Avoiding Medical Device Security MistakesDaniel dos Santos of Forescout Technologies on Best Practices
Many organizations that rely on network segmentation to help secure connected medical devices are making mistakes that put the devices, data and networks at risk, says Daniel dos Santos, research manager at Forescout Technologies.
"When we look closely at network segments, we see that they are not as secure as they should be," he says, describing findings of a recent Forescout Research Labs analysis of healthcare delivery organizations' device security practices.
"What we are finding is that devices with distinct purposes are in the same network segments when they should not be communicating with each other," he says. "We see medical devices and personal devices like smartphones, tablets and smartwatches in the same network segments. We also see a lot of mixture of healthcare and IT devices - so all these devices communicate with each other."
The biggest problem is not designing network segments based on the purpose of the device, he stresses.
Healthcare entities should follow best practices, including those described by the National Institute of Standards and Technology, for proper network segmentation, he says.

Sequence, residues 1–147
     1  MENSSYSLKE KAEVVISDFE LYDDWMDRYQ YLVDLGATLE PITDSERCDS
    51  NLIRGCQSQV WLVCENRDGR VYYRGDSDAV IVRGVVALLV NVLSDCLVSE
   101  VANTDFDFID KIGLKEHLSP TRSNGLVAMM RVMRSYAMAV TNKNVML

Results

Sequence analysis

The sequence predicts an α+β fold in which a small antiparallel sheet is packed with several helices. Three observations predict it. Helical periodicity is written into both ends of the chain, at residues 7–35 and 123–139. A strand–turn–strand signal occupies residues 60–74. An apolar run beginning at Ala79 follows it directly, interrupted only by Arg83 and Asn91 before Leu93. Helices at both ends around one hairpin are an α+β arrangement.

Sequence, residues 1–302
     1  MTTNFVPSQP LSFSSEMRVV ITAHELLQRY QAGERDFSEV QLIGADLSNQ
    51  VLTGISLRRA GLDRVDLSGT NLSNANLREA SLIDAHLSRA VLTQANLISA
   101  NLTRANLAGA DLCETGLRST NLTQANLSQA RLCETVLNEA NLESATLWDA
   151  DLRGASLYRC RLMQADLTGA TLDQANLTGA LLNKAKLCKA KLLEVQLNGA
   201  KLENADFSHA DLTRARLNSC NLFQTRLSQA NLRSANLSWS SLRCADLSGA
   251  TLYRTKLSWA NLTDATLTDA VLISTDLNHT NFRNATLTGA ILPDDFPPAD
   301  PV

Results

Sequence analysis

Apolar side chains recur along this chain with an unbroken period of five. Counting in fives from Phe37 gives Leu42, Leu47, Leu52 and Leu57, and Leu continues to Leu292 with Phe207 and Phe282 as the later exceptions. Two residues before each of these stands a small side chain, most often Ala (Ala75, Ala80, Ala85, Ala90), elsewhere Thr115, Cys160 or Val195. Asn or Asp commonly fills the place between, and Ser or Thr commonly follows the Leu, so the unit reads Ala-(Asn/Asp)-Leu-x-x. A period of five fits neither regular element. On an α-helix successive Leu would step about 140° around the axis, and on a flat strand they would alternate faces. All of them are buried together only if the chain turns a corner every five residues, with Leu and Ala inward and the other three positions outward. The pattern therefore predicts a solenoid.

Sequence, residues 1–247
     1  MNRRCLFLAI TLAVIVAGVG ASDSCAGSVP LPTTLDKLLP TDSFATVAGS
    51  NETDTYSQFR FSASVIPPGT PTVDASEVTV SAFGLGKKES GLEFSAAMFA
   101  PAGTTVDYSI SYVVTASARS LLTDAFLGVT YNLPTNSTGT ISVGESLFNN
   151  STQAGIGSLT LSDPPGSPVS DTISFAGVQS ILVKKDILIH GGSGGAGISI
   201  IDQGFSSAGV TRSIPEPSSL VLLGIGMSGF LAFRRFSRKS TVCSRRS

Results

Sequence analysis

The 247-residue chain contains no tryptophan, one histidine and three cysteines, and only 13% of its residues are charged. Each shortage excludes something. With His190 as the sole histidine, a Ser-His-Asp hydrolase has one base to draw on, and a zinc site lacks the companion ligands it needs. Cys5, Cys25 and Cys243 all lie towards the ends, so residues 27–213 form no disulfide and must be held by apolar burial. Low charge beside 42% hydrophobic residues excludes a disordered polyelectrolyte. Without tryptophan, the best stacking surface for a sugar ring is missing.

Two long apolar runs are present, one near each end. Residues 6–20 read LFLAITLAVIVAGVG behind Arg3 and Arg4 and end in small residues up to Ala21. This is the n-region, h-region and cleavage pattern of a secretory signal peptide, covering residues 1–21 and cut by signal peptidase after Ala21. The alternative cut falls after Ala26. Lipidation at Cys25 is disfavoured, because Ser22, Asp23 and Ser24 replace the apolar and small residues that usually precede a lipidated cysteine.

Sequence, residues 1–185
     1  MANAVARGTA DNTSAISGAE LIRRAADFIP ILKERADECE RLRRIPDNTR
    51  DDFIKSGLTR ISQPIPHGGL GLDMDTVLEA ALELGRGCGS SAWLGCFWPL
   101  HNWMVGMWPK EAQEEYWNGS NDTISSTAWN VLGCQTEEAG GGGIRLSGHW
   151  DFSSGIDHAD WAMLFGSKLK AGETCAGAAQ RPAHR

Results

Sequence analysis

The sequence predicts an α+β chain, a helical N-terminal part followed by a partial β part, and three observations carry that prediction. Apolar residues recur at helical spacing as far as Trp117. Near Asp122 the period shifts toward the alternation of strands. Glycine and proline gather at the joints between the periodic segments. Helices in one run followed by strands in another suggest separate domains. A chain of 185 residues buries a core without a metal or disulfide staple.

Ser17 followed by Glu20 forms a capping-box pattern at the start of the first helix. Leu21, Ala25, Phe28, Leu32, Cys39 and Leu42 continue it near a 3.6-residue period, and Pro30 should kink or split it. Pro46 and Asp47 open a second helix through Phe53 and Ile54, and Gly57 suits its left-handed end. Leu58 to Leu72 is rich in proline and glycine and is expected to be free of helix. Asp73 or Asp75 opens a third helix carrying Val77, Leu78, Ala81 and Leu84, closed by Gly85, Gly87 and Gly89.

In the interview (see audio link below photo) dos Santos also discusses:
- Top security issues involving legacy medical devices and outdated operating systems;
- Additional steps healthcare organizations can take to improve the security of medical devices;
- Other key findings from Forescout's recent connected medical devices research report.
Dos Santos is a research manager leading the vulnerability and threat research team as Forescout Technologies. He holds a Ph.D. in computer science from the University of Trento, Italy, and has published over 30 journal and conference papers on cybersecurity. He has experience in software development, security testing and research.